Friday, November 21, 2014

Rain Droplet Growth: Collision-Coalescence Efficiency

When rain drops grow by collision and coalescence not every drop of water it hits gets absorbed by the bigger droplet. We therefore need to include an efficiency term in our equation of droplet growth.

Equation for the change in droplet radius over time. E represents the collection/coalescence efficiency. v_T is the terminal velocity of the drop, LWC is the liquid water content of the cloud, and ro (the funny looking p) is the density of water. We can integrate and solve this equation to determine the length of time required for a droplet to grow to some determined size.

Below is a video by Reid Wiseman, an astronaut at the International Space Station, demonstrating the collection efficiency of a raindrop.

Thursday, November 20, 2014

Welcome back to the prolonged inversions and poor air quality

Air quality along the Wasatch Front has been getting worse the last few days. Salt Lake City is the winter home of temperature inversions and bad air. And this is just be beginning of the season. Below are shown measurements of PM 2.5 (Particulate Matter smaller 2.5 micrometers in size).
The air is not super unhealthy yet, but the pollution concentration is increasing. You may have noticed the decreased visibility last time you tried looking at the mountains across the valley. This weekend a storm should blow all this gunk away before it gets much worse, but be prepared for more days like this and try to drive less during these inversion periods if you can.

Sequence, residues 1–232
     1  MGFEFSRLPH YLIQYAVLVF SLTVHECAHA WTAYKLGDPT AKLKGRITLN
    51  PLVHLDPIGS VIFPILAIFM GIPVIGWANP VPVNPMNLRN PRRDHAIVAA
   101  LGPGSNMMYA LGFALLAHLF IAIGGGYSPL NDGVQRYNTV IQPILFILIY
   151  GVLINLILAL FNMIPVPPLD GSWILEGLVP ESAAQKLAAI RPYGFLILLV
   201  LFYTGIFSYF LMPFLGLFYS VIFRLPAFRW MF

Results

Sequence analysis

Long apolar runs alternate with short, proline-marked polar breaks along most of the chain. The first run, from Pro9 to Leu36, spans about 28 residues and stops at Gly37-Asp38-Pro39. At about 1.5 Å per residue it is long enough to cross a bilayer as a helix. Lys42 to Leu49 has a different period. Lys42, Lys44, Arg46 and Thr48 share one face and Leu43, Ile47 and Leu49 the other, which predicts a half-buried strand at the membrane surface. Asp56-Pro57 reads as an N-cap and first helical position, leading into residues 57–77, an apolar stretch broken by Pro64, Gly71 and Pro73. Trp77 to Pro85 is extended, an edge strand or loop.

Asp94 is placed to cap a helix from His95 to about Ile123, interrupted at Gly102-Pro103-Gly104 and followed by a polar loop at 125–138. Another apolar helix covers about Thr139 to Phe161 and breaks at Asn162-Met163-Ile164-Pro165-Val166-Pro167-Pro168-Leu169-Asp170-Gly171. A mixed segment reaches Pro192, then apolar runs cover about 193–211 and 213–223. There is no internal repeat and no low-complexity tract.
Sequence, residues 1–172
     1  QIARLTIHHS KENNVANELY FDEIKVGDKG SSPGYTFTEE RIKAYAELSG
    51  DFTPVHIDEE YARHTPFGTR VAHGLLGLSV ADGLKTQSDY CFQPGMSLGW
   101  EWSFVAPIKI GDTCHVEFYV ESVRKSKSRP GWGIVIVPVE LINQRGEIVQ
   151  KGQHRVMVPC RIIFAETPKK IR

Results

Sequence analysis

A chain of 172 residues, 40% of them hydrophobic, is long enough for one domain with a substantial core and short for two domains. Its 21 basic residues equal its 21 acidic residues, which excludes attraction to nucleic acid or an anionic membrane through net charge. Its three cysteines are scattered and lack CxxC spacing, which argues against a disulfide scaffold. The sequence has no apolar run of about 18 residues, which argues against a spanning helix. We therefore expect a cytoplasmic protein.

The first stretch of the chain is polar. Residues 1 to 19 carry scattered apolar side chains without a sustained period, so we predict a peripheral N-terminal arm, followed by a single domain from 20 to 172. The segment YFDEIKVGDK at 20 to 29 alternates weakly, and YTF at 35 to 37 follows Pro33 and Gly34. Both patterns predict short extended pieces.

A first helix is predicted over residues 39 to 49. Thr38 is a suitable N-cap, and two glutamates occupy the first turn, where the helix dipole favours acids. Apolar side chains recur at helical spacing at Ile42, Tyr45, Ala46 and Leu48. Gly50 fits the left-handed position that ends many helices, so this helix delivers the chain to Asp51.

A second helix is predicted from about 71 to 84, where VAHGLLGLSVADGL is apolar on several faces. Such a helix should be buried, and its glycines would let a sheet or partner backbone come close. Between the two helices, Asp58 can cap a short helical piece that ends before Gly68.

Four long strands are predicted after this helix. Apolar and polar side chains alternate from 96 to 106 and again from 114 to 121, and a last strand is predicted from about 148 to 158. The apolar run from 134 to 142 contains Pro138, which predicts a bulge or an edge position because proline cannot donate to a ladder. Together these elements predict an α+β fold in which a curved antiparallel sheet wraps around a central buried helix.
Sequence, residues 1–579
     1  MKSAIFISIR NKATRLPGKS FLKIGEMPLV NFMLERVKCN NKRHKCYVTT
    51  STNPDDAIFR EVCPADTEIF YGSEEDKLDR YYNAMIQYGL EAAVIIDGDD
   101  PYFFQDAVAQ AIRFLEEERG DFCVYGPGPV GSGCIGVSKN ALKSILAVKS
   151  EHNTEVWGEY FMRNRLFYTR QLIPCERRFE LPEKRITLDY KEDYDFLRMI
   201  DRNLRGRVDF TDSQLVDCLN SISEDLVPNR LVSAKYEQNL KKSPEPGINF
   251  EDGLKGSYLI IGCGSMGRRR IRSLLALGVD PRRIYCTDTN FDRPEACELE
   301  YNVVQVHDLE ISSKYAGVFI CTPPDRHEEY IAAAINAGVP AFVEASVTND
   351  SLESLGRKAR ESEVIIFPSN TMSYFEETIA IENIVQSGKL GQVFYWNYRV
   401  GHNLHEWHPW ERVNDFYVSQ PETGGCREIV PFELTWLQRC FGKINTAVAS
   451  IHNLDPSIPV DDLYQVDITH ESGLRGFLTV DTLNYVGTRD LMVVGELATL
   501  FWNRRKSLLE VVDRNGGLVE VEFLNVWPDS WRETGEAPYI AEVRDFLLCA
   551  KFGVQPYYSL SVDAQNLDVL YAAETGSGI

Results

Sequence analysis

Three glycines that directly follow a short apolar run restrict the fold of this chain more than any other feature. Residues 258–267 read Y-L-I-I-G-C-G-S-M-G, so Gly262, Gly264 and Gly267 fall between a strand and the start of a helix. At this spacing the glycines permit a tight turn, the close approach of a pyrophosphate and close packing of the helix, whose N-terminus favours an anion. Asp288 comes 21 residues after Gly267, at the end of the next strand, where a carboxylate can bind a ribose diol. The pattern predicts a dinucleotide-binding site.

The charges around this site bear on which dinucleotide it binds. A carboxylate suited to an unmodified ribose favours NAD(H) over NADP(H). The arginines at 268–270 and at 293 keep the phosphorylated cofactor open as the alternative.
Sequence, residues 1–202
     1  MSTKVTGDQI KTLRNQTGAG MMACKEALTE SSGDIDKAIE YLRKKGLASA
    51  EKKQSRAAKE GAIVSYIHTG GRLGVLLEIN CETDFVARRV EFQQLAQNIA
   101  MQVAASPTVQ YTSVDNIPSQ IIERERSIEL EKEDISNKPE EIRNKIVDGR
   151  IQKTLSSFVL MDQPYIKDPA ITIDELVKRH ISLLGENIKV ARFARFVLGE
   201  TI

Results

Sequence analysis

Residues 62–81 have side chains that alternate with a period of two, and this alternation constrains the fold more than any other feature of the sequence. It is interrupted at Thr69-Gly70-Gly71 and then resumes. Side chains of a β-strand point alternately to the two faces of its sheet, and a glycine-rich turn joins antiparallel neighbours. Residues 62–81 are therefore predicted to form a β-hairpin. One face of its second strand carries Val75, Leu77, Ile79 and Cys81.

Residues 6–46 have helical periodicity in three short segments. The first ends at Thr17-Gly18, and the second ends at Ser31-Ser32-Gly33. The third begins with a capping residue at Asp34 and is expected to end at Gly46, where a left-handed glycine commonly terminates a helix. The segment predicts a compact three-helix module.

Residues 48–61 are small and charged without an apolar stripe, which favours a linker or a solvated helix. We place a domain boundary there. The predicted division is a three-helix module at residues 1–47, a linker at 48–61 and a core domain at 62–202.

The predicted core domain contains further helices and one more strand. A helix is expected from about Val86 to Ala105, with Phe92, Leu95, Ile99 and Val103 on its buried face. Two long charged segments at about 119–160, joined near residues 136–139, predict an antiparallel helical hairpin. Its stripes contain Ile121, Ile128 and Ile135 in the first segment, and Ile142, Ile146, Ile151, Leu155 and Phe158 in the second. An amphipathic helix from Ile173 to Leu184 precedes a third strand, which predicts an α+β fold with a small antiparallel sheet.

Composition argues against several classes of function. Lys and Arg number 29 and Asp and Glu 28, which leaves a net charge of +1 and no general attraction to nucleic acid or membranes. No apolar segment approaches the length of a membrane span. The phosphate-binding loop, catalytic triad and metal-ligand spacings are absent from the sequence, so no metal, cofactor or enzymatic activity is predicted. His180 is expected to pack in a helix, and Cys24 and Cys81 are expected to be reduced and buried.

November 19, 2014 @ 2:50 PM
Photo: kbkb
November 20, 2014 @3:30 PM
Source: WBB webcam
Above is another look at the smog today. The sun is beginning to set. The concentration of the smog actually looks worse due to the fact that we are looking in the direction of the sun. When particles scatter light, they always scatter with constructive interference in the forward direction, toward your eyes if you are looking toward the sun. This optical phenomenon makes the haze look brighter, making it seem there is more stuff in the air. But still, the air is dirty.
source: atmospheric radiation course notes

More Snow for Buffalo

Another round of lake effect snow is pounding the area just south of Buffalo, New York. Some places report over six feet of snow in the last three days. 

And now a bunch of pictures from Twitter...

Wednesday, November 19, 2014

HRRR Forecast Skill

Curtis Alexander from NOAA/ESRL gave a webinar talk titled "Progress and plans for the operational HRRR model." The talk can be found here.

Below is just one slide from his presentation. It shows forecast skill of different methods of forecasting the weather. A persistence forecast, saying the weather will be the same later as it is now, has no skill beyond an hour. Extrapolation, or saying the weather trend will continue, does pretty good for an hour, but skill quickly decays. The HRRR model (dark green line) produce a better forecast than extrapolation after the first hour. After the first forecast hour the HRRR model is more accurate than persistence and extrapolation. As with all weather models, the forecast skill of the HRRR degrades over time, but still there is more skill in a HRRR forecast at six hours than a simple persistence or extrapolated forecast.
HRRR Forum

Growth of Snow Crystal

Time lapse of snow crystals grown in a laboratory